Poems From Guantanamo - the Detainees Speak. You can buy this little volume of sob stories told in doggerel from Amazon.com (at $11.16), or wait a month and look for it on the deep discount rack at Borders. The editor, Marc Falkoff, happens to also be the lawyer for all 17 of the sensitive souls who contributed their poetry.
Robery Pinsky, the ex-Poet Laureate of the U.S., wrote a blurb for the book jacket and praised the project on NPR. He hedged as to its literary merit, nevertheless, he thinks it's terribly important for all of us to pay attention to these weepy jihadis since "these voices in confinement implicitly call us to our principles and to our humanity. They deserve, above all, not admiration or belief or sympathy—but attention. Attention to them is urgent for us." I don't know about you, but these voices call me to pay attention mainly to the problem of how to keep them in Gitmo for the rest of their natural lives.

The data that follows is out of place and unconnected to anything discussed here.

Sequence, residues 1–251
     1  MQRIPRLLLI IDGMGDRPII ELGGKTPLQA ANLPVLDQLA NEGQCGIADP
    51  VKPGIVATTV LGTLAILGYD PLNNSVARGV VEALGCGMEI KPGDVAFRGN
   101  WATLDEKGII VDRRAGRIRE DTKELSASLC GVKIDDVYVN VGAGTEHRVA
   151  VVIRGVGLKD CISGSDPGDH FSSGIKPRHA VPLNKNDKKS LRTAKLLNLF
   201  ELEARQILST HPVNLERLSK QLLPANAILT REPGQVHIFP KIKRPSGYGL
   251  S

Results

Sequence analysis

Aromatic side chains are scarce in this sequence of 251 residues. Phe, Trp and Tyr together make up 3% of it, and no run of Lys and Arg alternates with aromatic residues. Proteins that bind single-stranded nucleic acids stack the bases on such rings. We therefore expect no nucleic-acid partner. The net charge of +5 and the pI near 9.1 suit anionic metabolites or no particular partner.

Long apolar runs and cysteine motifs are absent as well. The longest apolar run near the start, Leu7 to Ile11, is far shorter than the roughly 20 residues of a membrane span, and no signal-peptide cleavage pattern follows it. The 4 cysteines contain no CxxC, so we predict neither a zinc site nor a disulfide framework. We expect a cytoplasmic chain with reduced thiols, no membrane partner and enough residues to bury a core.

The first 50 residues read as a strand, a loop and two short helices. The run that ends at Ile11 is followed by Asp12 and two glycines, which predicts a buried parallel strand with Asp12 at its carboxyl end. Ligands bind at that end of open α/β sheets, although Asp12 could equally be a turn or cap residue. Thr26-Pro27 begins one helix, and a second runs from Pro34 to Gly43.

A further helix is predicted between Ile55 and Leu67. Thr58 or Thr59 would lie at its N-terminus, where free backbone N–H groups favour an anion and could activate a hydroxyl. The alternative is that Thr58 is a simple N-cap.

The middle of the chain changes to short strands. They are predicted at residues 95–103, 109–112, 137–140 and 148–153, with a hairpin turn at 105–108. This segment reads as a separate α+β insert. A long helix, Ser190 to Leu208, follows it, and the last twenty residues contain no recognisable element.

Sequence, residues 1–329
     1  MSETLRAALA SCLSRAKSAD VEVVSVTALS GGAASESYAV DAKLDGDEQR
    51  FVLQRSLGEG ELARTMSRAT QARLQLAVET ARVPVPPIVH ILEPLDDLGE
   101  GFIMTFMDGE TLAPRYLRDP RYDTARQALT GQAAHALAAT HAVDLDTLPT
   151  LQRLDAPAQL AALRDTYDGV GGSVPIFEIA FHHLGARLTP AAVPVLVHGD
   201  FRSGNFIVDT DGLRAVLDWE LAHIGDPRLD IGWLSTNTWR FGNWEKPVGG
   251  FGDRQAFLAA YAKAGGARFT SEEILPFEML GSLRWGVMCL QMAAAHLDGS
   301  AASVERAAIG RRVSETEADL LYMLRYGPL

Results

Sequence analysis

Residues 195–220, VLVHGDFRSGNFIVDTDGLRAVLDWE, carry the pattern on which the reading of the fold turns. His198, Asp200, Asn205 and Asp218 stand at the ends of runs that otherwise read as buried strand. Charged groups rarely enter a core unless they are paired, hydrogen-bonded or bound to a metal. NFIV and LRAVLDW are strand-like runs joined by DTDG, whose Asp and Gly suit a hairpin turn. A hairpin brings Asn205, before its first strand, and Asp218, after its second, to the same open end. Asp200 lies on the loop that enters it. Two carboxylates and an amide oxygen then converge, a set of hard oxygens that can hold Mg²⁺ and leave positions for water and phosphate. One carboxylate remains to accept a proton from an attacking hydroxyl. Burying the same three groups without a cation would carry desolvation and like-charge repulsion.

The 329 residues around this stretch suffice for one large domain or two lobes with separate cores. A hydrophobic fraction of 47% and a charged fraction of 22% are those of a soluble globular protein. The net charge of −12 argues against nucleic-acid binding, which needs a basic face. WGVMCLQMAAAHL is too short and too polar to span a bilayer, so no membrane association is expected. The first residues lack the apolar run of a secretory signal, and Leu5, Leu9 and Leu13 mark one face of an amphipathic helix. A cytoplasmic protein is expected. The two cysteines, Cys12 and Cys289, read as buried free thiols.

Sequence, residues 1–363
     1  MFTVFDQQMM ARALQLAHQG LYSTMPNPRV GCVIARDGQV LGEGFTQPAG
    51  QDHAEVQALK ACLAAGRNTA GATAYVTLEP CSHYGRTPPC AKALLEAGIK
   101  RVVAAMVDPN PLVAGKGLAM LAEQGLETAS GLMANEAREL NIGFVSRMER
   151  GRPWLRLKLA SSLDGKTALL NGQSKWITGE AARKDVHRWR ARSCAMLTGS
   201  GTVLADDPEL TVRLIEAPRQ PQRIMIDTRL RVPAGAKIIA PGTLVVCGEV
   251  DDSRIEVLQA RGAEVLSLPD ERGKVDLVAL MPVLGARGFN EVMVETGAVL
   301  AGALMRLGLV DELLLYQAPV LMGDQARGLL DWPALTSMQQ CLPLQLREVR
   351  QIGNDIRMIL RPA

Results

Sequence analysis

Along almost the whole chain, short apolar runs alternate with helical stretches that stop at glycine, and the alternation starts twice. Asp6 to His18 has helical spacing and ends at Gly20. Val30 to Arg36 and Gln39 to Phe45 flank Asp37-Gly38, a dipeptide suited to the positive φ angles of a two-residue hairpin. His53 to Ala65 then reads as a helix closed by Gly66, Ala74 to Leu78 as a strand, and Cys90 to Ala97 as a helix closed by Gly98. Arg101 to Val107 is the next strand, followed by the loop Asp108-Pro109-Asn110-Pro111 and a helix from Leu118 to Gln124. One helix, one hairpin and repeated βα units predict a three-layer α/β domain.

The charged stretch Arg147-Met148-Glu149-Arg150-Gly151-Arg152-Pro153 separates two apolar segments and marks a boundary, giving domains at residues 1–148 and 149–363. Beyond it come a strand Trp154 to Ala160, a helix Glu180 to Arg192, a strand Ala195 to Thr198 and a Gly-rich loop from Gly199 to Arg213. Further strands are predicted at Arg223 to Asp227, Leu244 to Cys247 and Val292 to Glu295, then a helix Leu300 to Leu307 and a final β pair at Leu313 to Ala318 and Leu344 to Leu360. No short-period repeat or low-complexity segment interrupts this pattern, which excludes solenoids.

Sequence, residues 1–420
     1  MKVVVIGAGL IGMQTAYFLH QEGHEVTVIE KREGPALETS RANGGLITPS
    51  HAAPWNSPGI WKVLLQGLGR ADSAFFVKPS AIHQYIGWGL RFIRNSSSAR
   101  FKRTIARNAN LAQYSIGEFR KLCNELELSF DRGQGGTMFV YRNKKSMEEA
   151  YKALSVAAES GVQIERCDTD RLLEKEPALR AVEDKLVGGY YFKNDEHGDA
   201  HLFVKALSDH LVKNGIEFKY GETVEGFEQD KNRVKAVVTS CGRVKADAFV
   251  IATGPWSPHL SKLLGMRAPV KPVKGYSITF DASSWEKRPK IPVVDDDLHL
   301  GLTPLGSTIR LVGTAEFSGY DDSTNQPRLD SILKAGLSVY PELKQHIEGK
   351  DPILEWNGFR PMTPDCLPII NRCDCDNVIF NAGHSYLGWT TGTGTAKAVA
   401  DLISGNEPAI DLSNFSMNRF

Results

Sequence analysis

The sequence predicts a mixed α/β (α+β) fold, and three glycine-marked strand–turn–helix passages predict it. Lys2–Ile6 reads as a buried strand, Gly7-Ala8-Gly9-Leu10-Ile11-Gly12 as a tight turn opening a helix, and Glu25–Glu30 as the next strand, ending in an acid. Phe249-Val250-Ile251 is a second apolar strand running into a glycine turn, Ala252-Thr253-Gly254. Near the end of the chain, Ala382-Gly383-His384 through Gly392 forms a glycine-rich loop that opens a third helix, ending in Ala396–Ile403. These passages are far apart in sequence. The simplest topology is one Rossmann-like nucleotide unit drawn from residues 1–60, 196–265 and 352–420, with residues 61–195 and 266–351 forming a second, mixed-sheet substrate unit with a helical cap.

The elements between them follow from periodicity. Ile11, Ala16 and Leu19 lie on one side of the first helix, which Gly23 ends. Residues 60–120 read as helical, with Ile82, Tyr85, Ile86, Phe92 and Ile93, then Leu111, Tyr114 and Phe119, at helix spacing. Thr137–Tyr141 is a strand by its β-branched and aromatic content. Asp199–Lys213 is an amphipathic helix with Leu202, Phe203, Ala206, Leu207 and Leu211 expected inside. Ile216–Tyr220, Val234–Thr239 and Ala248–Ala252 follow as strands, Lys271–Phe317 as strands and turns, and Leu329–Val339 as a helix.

One of the voices belongs to Moazzam Begg, who was released from Gitmo in time to join the book tour. [Released? Some prison camp that is!] Here's one of his poetic efforts:
Freedom is spent, time is up -
Tears have rent my sorrow's cup;
Home is cage, and cage is steel,
Thus manifest reality's unreal.
Judge its literary merit for yourself. Does it call you to anything, urgently or otherwise? Here's my reply to Mr. Begg:
You were caught, your game was up -
Now you cry in your tin cup;
You were caged for a few years,
Good! - now let me dry my tears.